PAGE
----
The facility will be operated by a new subsidiary of Nordic Aquafarms, California Marine Investments, which has entered into an exclusive option agreement with the Humboldt Bay Harbor, Recreation and Conservation District in Northern California to lease 30 acres on the Samoa peninsula near Eureka.
It is the first involvement in the US west coast for the company, which is currently planning a similar project - ultimately capable of producing 33,000 tonnes of salmon a year - in Maine.
According to Nordic Aquafarms´ CEO, Bernt-Olav Roettingsnes, the agreement is aligned with the company´s US strategy of building its facilities close to the regional markets it plans to serve.
“As we did on the East Coast, we conducted a thorough search over the past few months to find the right location for our West Coast expansion,” said company president Erik Heim. “This site meets all of our criteria for building a safe, clean, and sustainable fish farm, and we have been welcomed by local authorities who are excited about the many benefits this project can bring to the area.”
The location, he adds, greatly simplifies permitting and provides significant infrastructure savings. The location already has an outfall pipe in place, established access to good freshwater and seawater sources, a substation with power on site and many more benefits. Key permits such as aquaculture licences are already in place.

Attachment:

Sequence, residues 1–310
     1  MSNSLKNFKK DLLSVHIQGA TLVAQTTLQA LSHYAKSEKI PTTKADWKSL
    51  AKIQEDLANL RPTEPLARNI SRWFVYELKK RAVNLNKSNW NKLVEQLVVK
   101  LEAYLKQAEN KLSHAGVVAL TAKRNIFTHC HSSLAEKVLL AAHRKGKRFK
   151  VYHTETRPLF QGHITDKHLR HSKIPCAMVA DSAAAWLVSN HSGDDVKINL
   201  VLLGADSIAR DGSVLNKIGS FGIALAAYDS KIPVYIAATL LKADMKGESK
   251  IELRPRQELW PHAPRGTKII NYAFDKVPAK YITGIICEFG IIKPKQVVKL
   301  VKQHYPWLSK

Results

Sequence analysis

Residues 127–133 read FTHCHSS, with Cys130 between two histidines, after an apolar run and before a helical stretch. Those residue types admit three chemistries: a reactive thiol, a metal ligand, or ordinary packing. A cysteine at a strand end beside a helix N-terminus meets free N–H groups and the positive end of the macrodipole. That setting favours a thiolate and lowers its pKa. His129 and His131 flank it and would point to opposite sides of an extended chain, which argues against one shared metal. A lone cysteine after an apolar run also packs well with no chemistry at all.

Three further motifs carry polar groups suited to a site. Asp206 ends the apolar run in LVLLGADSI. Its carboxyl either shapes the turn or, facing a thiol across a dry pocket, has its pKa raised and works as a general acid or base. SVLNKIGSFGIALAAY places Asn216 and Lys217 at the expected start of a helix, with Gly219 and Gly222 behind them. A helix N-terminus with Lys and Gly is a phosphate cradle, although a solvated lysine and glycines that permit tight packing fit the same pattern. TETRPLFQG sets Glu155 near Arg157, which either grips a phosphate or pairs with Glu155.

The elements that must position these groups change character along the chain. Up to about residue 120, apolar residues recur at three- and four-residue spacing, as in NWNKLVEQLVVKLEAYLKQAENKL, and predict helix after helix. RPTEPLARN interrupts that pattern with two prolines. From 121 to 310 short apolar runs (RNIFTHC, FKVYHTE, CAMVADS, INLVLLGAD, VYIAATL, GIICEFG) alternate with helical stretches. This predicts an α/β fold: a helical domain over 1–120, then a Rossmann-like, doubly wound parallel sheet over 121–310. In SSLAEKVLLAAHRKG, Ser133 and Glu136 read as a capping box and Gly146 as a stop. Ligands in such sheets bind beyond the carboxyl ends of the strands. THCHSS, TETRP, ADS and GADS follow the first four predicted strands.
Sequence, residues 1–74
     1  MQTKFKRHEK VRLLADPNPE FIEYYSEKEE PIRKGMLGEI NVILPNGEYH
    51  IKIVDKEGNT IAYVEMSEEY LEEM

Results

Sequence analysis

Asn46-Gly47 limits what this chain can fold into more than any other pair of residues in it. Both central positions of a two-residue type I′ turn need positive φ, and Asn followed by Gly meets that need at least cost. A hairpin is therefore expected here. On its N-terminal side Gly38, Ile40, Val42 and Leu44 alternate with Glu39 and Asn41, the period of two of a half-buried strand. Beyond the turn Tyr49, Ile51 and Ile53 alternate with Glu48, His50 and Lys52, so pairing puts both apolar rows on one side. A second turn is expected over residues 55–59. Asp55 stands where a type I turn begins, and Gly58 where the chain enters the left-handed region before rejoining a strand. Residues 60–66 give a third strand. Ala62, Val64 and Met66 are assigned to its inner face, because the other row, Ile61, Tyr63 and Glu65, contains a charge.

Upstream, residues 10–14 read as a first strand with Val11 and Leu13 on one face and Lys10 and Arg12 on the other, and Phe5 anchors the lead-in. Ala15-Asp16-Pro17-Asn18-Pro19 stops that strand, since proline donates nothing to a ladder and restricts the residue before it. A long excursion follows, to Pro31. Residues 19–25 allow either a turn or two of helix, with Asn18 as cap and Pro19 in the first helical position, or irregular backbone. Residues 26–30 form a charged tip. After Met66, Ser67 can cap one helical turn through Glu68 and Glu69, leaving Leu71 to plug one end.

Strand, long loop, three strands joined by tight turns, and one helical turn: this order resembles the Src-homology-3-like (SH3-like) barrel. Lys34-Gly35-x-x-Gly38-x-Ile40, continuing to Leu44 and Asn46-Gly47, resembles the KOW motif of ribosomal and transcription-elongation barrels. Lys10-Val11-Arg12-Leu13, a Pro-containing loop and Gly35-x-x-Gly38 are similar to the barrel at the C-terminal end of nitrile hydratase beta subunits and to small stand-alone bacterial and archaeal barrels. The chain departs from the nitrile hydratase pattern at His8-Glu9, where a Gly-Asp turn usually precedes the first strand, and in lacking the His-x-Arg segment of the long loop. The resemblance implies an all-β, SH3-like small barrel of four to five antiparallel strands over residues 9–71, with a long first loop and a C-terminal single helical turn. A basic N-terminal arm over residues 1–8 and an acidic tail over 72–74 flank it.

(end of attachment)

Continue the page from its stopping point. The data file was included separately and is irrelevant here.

Nordic Aquafarms has developed an innovative energy management approach that enables the company to be cost-competitive independent of local energy costs. Solar power, among other sources, will be a part of the energy mix in California.
Heim said the company is considering raising salmon or steelhead as options for the land-based facility. A final decision on which species to raise will be based on market considerations market and further discussions with the local permitting authorities.
“We will now be situated on both coasts, which fits into our strategy of locating fish farms close to major regional markets,” added Commercial Director Marianne Naess. “The Eureka location will enable us to reach more than 50 million people within a 14-hour drive or less, which reduces the cost and environmental impact of transportation while supplying the market with super-fresh, sustainably raised local fish.”
According to local economic officials, the project is also seen as a good match for Humboldt County because it fits into their strategy of developing coastal-dependent industries in the region. The Humboldt Bay Harbor district has already permitted the property for aquaculture and has been looking for an anchor project that will be a catalyst for attracting and developing an aquaculture cluster, so the permitting process is expected to go very smoothly.
Naess said the company has already begun engaging in discussions about the project with local authorities and stakeholder groups.